Light, of course, makes it easier to perceive what’s going on around us. It controls the body’s circadian system, or sleep-wake cycles, and has an influence on the body’s secretion of hormones affecting cognitive performance, writes Anjali Joseph, Ph.D. for the Center for Health Care Design. For these reasons, and more, many states and municipalities require that inpatient hospital rooms have windows.

    “There's a lot of research to show that when paired with evidenced-based instruction, well-designed school environments can positively influence student learning,” says CSD’s Instructional Supports Director Amber Roderick-Landward.
    Boo! It’s the spookiest night of the year. But to avoid a night of real-life horrors this Halloween and keep your little ghouls and goblins safe, we offer these Trick-or-Treating tips, courtesy of Canyons District’s Risk Management Coordinator Kevin Ray:


    HALLOWEEN DRIVING TRICKS TO KEEP EVERYONE SAFE

    • Put the phone down!
    • Stay well below the posted speed limit.
    • Pay attention to what’s happening on sidewalks and roadways. Watch for children darting across streets, especially between parked cars.
    • Be extra alert when pulling in and out of driveways.
    • Do not assume children can see you or are paying attention.
    • Do not pass other vehicles that have stopped in the roadway. They could be dropping off children.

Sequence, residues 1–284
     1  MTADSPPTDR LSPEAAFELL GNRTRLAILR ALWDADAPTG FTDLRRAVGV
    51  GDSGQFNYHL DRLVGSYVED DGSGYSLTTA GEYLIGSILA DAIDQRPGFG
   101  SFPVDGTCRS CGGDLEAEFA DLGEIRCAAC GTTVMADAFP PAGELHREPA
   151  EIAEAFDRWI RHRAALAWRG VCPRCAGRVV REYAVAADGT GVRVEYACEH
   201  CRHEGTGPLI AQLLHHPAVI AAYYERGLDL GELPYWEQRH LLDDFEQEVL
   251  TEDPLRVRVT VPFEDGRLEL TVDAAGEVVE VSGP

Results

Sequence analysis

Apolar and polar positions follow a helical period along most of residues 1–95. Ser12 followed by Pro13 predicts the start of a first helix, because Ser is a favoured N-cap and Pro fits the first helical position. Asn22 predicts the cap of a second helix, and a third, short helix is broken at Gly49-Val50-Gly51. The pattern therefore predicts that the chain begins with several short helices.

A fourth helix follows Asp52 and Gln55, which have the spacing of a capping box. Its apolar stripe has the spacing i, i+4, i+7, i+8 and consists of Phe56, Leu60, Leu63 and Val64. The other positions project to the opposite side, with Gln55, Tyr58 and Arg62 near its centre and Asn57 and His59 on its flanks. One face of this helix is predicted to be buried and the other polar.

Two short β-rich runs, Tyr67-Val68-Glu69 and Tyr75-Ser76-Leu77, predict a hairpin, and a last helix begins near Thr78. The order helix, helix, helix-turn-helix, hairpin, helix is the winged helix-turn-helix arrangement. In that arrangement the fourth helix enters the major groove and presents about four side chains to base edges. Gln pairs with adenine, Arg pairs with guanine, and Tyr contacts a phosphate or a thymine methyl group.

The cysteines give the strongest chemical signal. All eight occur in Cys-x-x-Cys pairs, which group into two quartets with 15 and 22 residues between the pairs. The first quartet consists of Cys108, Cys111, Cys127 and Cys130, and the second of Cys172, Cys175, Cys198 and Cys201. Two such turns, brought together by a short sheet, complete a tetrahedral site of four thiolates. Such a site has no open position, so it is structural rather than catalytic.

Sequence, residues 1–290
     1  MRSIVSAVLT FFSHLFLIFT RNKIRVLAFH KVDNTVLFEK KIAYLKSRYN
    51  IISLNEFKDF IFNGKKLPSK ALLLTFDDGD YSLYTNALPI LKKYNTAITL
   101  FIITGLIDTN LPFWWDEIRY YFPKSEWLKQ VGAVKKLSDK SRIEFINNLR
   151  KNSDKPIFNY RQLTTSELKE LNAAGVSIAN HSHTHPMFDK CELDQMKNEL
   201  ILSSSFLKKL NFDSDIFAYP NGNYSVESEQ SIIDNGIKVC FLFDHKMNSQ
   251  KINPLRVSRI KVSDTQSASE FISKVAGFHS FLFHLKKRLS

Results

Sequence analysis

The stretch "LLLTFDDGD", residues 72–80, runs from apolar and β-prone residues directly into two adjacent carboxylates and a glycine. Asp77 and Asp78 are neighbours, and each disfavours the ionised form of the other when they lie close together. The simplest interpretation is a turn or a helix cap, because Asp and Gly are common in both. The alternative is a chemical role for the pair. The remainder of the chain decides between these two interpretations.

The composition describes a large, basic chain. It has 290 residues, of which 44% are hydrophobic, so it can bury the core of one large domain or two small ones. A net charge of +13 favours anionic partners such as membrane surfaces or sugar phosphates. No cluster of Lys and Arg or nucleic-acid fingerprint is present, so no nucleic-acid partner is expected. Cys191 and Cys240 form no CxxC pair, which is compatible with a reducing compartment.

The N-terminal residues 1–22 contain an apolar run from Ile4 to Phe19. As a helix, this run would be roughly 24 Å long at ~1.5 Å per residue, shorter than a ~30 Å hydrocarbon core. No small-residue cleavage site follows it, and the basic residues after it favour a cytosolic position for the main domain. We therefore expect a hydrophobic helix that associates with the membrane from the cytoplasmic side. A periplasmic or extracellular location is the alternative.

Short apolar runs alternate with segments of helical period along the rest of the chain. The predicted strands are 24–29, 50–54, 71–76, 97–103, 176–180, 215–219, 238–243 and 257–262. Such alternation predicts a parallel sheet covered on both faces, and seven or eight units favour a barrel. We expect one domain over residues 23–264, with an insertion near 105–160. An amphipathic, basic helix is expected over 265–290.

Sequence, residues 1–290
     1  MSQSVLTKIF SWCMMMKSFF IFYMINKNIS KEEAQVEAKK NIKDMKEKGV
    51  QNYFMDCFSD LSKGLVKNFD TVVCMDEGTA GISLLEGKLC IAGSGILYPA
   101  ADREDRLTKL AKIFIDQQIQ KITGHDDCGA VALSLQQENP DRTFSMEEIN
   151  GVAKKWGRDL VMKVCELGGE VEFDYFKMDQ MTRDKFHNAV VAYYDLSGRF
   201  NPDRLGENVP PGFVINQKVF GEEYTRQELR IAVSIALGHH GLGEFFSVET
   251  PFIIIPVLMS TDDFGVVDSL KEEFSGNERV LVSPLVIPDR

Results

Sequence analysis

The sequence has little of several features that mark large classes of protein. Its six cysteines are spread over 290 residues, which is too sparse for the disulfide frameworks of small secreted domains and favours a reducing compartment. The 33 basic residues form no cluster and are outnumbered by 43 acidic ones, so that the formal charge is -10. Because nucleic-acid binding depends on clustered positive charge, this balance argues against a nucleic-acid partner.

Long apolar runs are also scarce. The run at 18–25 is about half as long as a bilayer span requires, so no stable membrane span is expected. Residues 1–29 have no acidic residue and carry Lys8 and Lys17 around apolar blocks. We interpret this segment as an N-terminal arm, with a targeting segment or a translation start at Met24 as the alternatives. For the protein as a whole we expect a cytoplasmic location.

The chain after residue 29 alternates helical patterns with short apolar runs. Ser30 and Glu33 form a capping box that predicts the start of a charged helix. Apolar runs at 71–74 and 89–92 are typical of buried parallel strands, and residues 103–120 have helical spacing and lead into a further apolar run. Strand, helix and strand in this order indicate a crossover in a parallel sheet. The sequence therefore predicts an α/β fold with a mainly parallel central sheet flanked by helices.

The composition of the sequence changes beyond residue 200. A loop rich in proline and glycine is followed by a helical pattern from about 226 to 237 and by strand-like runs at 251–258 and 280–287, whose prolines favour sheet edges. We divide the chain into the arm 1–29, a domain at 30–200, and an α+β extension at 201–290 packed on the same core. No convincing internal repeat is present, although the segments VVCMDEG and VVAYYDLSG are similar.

• If you are driving to a Halloween party, put that mask on after you park the car.

    TIPS FOR THOSE ON THE ROAD IN SEARCH OF ‘TREATS’

    • Make sure drivers see the children. Give them flashlights and glow sticks. Dress kids in bright, reflective clothing or use reflective tape on their costumes.
    • Use makeup rather than masks, so children have a clear unobstructed view of their surroundings.
    • Be sure children know how to cross a street —look left, right, and left again before crossing.
    • Instruct children to stay on sidewalks and to cross only at corners or crosswalks.
    • Accompany your children as they trick or treat.

    Note to CSD employees: Trick-or-treaters can start their night of sugar-fueled merry-making at Canyons District's two administration buildings, CAB-East and CAB-West. Employees can bring their costumed little ones to the District Offices between 2:30 and 5 p.m. on Monday, Oct. 31 to make their way from office to office to fill their bags with treats.